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When the season opens here in the summer basically the way I like to fish for mr. Largemouth is the first 2 hours of daylight loud topwater stuff... then as the day progresses I use Tubes, and jerk shad type plastics, and toss the odd scum frog on the thick slop. I am not a huge crank bait guy so you'll need to get that from somewhere else, the odd rattletrap makes it out but not too much past that. Tubes and Senko type worms rigged literally anyway and fished anyway from topwater to bottom dragging has worked for me. Good luck to you!
 

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Comments from the South. Throw top water , buzz baits, early and late when the water is warm, on a cloudy day you can fish them all day. Favorite color is white. My son caught a 5# bass last week and lost another with a break off of line. (ultra light, 4# test).
 

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Crankbait= a body bait (generally) that one reels in whereas a flipping lure is something like a jig/jig&pig and the like that you toss out and twitch back, usually into heavy cover hence the hugebass rods and 50lb braid!
 

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I personally prefer to fly fish for the smallmouth through the summer on te island lakes.I find this outperforms throwing lures and is alot of fun.I use a 5 or6wt rod,clear sink for lillypad and shallow shore structure such as boulders and overhanging trees and a type 4 sink for dragging bottom near deaper weeds and boulder dropoffs.Large dragon nymphs,leeches,woolybuggers and stickleback patterns.In st.Mary lake on saltspring,a large green spratley works wonders as this looks like the stickleback.Lately I have been getting a fish every 5 casts on average.Use 6 or 8pound leaders about 8or9ft in length.Every few fish,retie your fly due to fish teeth weakening your leader.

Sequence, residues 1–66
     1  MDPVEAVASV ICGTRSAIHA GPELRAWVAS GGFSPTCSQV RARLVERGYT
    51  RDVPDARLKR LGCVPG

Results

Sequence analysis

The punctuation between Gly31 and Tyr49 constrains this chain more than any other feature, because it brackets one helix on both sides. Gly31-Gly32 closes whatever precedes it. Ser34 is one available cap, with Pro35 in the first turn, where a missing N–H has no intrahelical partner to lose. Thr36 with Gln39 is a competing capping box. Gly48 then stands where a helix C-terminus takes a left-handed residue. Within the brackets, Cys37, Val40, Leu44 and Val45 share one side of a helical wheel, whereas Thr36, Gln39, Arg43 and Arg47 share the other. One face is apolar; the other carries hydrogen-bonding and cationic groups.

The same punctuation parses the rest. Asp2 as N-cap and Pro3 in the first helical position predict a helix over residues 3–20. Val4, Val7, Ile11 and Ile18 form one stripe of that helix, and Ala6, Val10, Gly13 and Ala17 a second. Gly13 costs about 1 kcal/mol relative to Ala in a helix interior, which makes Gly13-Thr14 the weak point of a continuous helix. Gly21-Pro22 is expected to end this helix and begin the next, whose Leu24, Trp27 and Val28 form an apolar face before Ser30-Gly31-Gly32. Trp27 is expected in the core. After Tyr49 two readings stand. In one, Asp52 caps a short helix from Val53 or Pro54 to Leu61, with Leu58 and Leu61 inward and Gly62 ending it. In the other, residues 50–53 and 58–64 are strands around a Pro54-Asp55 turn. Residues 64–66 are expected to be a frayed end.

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When I am stripping streamers or swimming minnow patterns Generally I go right above any weed growth before it surfaces and then target weed edges and pockets in weeds. Remember you don't need much action or swimming in a fly to entice a bass. In my opinion fishing the heavy slop should be left for flippin sticks, bass jigs, and 50lb braid
 

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yamadirt426, are you fishing from shore at albert dyck? I tried there once with my fly rod off the dock but no luck. It was back in april though so maybe it was too early in the year :confused: I would like to try it again for sure, I've never caught a bass before so I definitely want to see what it's like :thumbup: not opposed to bringin my spinnin rod either if thats what it takes to get em. any help would be great :cheers:
 

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salmon slayer said:
yamadirt426, are you fishing from shore at albert dyck? I tried there once with my fly rod off the dock but no luck. It was back in april though so maybe it was too early in the year :confused: I would like to try it again for sure, I've never caught a bass before so I definitely want to see what it's like :thumbup: not opposed to bringin my spinnin rod either if thats what it takes to get em. any help would be great :cheers:
go to the north/east end. the dock is on the south/west side so complete opposite. bring the waders or just wear shorts but its kinda muddy on that side. throw out some beadhead leeches and you can't miss them. in that corner there is a little bush growing in the lake and you can walk out a bit. also just walk the shore line to the south east side casting around as you go. you'll have to do a flip cast in some sections as the trees are behind you and it drops of fairly quick. Its easier to fish where there is gaps in the tree line. Throw some other flys too!! you can't miss them. If you have some trouble I'll join ya. For spinning use any plastics. I have had most luck on red sparkly worm. good luck